Michael Jackson died ten years ago on June 25th and many people around the world will be commemorating his death through his music and videos.
They will be celebrating his astronomical career, remembering his childhood, replay interviews and the work that went into organizing his last concert, This Is It, which he never had the chance to perform. Also to be remembered is his beloved Neverland Ranch, where he lived from 1987 until 2006. It was where he could finally experience childhood, having never experienced that luxury as part of his hard-working, family-singing group The Jackson Five.
Two years after his death, Neverland was put on the market for $100 million, but never sold. Today, restored at great expense to its status as the original ranch when Michael purchased it, the estate is back on the market and reduced to $31 million.
In 1977, developer William Bone bought the bare acreage and engaged an architect to design all the main structures on the property, dig the lake and install formal gardens. It was his own fantasy land of sorts as he was able to design it his way rather than at the direction of clients. It took him two years working with architect Robert Altevers to get the design to his liking. He named it Zaca Laderas Ranch and lived there until selling to Jackson.
Jackson bought the 2,700-acre ranch in 1987 for about $25 million and then spent millions more to develop it as a child’s fantasy land, which he appropriately named Neverland after the Peter Pan story. The 13,000-square-foot main house, formal gardens, a four-acre lake with fountains and five-foot waterfall, along with an attractive stone bridge had already been built by Mr. Boner when Michael purchased the property. Michael added three railroads, a petting zoo and a full amusement park with nine major rides and an arcade. He also put in an electric railroad with 100-feet of track behind the house for his own children.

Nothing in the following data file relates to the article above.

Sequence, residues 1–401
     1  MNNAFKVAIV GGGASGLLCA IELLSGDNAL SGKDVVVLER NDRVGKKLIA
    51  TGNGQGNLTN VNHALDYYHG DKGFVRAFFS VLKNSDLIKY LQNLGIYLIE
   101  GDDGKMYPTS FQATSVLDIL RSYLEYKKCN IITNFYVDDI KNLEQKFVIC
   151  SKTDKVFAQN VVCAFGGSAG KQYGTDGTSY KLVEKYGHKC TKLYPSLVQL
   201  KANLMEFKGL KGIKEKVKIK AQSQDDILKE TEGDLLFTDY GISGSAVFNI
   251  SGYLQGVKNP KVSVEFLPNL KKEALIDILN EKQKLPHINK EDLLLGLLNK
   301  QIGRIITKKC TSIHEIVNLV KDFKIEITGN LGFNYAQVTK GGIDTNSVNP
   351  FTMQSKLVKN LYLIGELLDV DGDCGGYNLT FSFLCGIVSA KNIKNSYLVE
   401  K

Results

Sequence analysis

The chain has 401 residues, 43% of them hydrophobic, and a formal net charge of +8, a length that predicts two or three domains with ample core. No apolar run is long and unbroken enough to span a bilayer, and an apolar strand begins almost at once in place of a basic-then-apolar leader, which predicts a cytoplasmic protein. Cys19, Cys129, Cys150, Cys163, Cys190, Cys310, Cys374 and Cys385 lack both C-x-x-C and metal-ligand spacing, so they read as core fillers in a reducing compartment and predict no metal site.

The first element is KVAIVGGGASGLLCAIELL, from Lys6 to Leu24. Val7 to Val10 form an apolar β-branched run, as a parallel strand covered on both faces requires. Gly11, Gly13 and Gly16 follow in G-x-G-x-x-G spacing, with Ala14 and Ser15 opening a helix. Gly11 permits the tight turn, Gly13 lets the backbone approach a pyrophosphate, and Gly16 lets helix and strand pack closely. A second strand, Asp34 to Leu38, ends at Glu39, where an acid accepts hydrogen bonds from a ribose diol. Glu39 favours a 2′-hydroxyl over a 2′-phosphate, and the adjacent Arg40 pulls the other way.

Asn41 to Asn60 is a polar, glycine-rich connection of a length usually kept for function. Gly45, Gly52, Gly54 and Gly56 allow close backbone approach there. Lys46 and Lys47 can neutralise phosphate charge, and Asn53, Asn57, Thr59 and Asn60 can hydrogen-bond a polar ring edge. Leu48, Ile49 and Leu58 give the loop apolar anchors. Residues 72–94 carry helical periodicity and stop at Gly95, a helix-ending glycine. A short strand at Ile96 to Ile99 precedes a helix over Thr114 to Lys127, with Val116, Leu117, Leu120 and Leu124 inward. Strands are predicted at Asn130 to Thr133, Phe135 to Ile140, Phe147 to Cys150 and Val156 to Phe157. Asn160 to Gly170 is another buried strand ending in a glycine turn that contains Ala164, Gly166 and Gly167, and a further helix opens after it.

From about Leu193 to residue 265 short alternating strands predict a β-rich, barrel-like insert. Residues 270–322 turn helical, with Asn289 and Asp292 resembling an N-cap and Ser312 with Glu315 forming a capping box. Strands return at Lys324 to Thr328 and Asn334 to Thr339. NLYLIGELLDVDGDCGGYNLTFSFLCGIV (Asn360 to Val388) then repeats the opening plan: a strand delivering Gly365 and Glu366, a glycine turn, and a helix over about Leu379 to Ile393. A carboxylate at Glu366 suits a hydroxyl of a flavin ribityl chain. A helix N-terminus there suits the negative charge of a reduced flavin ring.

Neverland was Michael’s home until 2006 when he was charged with child molestation, which supposedly took place at the ranch. Although he was acquitted, the association of so much negativity to the ranch made it difficult for him to continue to live there. Except for caretakers, the ranch was closed. By 2007, Michael was behind in payments on his loan by about $23 million and the ranch was due to go on the auction block. However, investment group Colony Capital stepped in and bought the loan, making them co-owners. In 2009, Colony began restoring the ranch by removing the zoo and amusement park and replacing them with a Zen garden. The amusement park rides are now a part of the California State Fair in Sacramento.
Located in Santa Barbara County in Los Olivos, California, on the tenth anniversary of Michael Jackson’s passing, his former Neverland Ranch, now restored to the original Sycamore Valley Ranch, has had massive price reductions from the original $100 million to $31 million. The listing agent is Suzanne Perkins of Compass Realty, Montecito, California.
Photo credit: Compass